Godless Britain: Christian Factory Worker Fired For Wearing Cross Necklace

Jevgenijs Kovalkovs, a former employee of 2 Sisters Food Group Limited in Coupar Angus, Scotland, successfully sued his former employer for discrimination after being fired for wearing a crucifix at work.

Kovalkovs, a Russian Orthodox Church member, claimed that the cross necklace was a gift from his mother and represented his “commitment to his belief” in Jesus Christ. According to The Telegraph, he also told the employment tribunal that it was sanctified during a baptism ceremony for his godchild.

After being fired for wearing a cross necklace to work, the Christian factory worker was awarded £22,000 in compensation.

Despite the fact that the company made an exception for religious jewellery, Kovalkovs’ line manager at the chicken factory told him not to wear the cross. When Kovalkovs was seen wearing the Christian symbol for the second time, he was fired “immediately.”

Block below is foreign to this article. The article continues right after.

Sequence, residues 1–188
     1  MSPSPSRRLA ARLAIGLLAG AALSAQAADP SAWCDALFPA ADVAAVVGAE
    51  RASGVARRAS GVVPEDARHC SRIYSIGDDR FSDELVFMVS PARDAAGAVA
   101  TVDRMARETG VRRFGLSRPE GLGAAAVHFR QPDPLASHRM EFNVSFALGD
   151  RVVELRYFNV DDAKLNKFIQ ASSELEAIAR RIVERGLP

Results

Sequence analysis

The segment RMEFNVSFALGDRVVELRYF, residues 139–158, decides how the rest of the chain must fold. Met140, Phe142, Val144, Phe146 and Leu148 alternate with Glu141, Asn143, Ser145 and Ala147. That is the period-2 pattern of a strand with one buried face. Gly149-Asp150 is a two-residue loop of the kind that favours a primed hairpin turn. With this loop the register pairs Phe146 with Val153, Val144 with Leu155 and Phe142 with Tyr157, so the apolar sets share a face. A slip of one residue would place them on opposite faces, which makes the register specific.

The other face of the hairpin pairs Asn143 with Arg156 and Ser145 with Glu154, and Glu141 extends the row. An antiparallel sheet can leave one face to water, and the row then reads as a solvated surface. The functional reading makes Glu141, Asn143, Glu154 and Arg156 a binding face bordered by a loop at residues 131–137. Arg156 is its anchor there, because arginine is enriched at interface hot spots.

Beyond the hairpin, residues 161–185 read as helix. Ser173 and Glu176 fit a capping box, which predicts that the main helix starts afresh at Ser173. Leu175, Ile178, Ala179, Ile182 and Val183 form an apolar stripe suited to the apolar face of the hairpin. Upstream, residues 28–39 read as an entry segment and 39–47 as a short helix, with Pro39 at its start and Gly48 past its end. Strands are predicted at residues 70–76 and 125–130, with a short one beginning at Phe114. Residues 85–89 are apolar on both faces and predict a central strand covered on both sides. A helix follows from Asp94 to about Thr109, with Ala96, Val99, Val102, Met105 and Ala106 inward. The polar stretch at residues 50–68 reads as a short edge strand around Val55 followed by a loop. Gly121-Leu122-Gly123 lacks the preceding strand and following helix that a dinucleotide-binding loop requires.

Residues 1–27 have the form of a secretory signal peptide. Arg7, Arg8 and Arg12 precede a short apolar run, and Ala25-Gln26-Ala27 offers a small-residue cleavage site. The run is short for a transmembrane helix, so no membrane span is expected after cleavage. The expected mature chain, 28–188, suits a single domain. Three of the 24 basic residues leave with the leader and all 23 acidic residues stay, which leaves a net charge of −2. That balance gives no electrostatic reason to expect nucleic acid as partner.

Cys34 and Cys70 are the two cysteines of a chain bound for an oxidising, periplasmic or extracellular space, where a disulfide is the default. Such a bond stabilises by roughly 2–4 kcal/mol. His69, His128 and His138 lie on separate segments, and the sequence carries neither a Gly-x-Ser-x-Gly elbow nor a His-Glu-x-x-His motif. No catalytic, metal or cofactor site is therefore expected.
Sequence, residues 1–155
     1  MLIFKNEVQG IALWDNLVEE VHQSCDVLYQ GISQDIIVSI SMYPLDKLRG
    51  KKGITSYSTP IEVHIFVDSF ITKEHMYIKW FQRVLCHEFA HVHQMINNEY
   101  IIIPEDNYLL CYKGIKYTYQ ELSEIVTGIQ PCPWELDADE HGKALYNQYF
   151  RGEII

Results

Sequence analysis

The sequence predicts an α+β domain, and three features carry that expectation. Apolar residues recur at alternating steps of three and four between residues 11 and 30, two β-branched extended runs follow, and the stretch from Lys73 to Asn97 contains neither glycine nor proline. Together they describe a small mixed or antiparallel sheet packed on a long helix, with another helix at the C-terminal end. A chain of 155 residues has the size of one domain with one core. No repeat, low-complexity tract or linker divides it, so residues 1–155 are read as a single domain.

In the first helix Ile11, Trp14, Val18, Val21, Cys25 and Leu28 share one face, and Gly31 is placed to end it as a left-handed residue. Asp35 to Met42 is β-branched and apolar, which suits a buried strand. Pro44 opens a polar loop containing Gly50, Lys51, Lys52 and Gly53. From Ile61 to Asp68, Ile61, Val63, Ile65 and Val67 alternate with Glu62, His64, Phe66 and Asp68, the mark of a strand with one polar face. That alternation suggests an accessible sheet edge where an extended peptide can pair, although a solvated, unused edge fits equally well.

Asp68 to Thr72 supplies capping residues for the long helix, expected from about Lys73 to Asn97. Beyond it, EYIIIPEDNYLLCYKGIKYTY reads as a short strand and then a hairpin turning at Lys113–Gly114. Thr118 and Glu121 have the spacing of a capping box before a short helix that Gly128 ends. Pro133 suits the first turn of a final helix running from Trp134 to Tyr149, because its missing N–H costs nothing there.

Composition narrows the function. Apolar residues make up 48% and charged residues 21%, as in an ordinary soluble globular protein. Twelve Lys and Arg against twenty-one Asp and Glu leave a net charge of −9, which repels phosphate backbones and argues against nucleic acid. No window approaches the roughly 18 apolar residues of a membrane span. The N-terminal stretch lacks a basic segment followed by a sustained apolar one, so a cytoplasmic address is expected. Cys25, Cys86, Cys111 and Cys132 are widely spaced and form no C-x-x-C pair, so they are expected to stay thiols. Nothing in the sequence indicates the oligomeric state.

Ms McColl, the line manager, claimed that the necklace posed a “hazard” to the production and processing of chicken.

At the tribunal hearing in Dundee, Employment Judge Louise Cowen ruled that it was demonstrated that Mr Kovalkovs “had lost a job as a result of the discrimination towards him”.

“His religion and the wearing of his necklace were of deep and profound meaning to him,” she added.

Coupar Angus, a spokesman for the company, stated, “We note today’s judgement and cannot comment further at this time.”

Mary Onuoha, a nurse for the National Health Service in the United Kingdom, also won a case against the socialised healthcare system earlier this year after being demoted for refusing to remove her cross.

The NHS Trust argued that her necklace posed a risk of infection to others, while Onuoha argued that the policy was arbitrary because members of non-Christian faiths were allowed to wear religious items such as bracelets, hijabs, and turbans.

The tribunal found that the NHS managers “had a particular problem with the cross” and displayed “some form of conscious or subconscious prejudice towards the Christian faith,” ruling in her favour.

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